A cerebral arteriovenous malformation (AVM) is an abnormal connection between the arteries and veins in the brain that usually forms before birth (congenital). AVMs can vary in size and location in the brain.
The cause of cerebral AVM is unknown. Brain tissue between the vessels is usually abnormal and often scarred from previous tiny hemorrhages of which the person may be unaware or may have thought was a bad headache.
An AVM rupture can occur because of pressure and damage to the blood vessel. This causes blood to leak (hemorrhage) into the brain or surrounding tissues and reduces blood flow to the brain.
Cerebral AVMs are rare. Although the condition is present at birth, symptoms may occur at any age. Ruptures happen most often in people ages 15 to 20. It can also occur later in life. Some people with an AVM also have brain aneurysms.
Arteriovenous Malformation Symptoms
Few warning signs precede an AVM until bleeding occurs.
Recurrent headaches can be an indication of a small amount of bleeding in an AVM prior to a serious hemorrhage. Other symptoms include seizures and neurological problems such as paralysis or loss of speech, memory or vision, and changes in mental capacity, depending on the location of the AVM.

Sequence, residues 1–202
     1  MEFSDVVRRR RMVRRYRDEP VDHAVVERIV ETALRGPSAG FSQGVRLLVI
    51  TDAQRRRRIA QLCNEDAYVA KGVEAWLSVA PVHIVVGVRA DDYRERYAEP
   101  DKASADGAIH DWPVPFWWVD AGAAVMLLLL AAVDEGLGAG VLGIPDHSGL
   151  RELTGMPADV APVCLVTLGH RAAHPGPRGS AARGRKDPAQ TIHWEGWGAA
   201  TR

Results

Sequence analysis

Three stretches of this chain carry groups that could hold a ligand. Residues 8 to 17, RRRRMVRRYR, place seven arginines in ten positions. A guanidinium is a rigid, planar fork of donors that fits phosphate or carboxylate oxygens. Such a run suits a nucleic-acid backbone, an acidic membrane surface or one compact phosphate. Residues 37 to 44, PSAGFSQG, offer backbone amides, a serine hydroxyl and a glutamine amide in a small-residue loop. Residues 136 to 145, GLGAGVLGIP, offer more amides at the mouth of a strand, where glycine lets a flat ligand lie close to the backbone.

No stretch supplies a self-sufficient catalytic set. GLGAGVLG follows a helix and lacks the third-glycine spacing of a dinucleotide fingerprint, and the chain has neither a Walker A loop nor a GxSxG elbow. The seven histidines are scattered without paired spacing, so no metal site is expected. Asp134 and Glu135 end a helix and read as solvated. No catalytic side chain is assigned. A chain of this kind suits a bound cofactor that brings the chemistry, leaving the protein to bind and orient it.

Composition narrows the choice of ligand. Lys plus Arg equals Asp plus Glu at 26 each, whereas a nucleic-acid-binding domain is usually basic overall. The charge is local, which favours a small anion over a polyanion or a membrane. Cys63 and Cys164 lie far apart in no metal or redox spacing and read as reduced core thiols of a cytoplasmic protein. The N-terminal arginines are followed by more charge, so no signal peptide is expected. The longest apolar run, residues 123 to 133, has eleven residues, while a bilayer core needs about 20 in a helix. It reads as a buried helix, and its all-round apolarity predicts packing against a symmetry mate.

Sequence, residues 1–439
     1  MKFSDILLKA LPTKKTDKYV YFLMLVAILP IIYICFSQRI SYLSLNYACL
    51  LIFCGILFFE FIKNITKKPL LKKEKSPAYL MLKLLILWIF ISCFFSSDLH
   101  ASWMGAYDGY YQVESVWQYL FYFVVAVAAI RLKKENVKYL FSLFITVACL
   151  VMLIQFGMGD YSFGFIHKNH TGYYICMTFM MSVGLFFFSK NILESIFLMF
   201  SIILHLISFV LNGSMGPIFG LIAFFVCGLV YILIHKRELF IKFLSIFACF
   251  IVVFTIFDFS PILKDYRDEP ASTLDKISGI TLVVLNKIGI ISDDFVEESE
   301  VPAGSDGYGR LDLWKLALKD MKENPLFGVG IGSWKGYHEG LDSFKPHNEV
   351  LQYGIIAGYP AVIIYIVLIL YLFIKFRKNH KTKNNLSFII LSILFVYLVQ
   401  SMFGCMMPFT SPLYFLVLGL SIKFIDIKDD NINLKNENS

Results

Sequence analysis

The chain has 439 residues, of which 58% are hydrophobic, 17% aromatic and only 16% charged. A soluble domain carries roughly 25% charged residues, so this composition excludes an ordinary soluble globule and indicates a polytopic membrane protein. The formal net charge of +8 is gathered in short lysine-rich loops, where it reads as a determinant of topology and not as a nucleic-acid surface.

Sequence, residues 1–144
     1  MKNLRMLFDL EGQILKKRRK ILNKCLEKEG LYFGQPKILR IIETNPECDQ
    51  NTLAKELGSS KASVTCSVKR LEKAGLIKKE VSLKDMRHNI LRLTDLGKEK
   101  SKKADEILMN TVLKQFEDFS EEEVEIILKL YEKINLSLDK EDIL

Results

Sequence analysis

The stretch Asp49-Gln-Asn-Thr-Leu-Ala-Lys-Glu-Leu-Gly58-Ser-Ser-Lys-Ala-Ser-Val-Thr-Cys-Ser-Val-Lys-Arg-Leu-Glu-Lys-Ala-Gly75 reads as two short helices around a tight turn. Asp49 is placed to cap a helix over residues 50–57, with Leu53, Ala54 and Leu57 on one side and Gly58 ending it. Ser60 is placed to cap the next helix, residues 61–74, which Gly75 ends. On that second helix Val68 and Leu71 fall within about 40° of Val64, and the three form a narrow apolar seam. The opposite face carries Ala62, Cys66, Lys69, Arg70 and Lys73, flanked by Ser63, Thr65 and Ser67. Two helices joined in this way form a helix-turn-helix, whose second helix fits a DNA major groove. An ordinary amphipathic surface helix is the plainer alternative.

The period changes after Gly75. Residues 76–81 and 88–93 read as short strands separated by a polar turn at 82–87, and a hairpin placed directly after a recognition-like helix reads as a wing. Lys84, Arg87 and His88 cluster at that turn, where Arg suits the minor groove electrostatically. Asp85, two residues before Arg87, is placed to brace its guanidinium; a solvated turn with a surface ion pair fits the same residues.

It is important to discuss any symptoms with your primary care physician to determine if a neurosurgeon is needed.
Arteriovenous Malformation Diagnosis
In addition to physical and neurological examinations, neurosurgeons may request other tests such as:
Arteriovenous Malformation Treatment
AVMs are often emergencies by the time they are discovered. The aim of treatment once a hemorrhage has occurred is to stop the bleeding and damage to the brain and to reduce the risk of recurrence.
The weeks immediately following the hemorrhage are most important since that is the period when complications occur and re-rupture is most likely.
Treatment options for AVMs include:
- AVM gluing - In this minimally invasive procedure, your surgeon will insert a thin tube into the groin area and use imaging technology to guide the tube directly to the AVM. Your surgeon will inject a glue-like substance through the tube into the AVM to stop blood from leaking.
- Gamma Knife Radiosurgery for AVM - Using the most sophisticated computer imaging technology, our specialist team identifies the exact location of the AVM and then beams high frequency radiation waves directly at it. The radiation causes the AVM to clot and then disappear. This treatment targets the AVM precisely and does not affect surrounding brain tissue. Learn more about Gamma Knife.
- AVM surgery - In some cases, AVMs need to be surgically removed. Our highly trained neurosurgeons use advanced computer imaging to locate the AVM. They carefully remove a portion of the skull to access the AVM and then surgically remove it.